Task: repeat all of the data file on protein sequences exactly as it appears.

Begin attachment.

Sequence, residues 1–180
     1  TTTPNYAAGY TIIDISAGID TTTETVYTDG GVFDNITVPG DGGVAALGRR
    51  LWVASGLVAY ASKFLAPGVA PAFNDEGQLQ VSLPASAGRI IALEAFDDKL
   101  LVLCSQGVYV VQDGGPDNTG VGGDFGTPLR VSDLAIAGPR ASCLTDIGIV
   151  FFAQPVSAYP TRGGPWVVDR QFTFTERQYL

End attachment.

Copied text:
Sequence, residues 1–180
     1  TTTPNYAAGY TIIDISAGID TTTETVYTDG GVFDNITVPG DGGVAALGRR
    51  LWVASGLVAY ASKFLAPGVA PAFNDEGQLQ VSLPASAGRI IALEAFDDKL
   101  LVLCSQGVYV VQDGGPDNTG VGGDFGTPLR VSDLAIAGPR ASCLTDIGIV
   151  FFAQPVSAYP TRGGPWVVDR QFTFTERQYL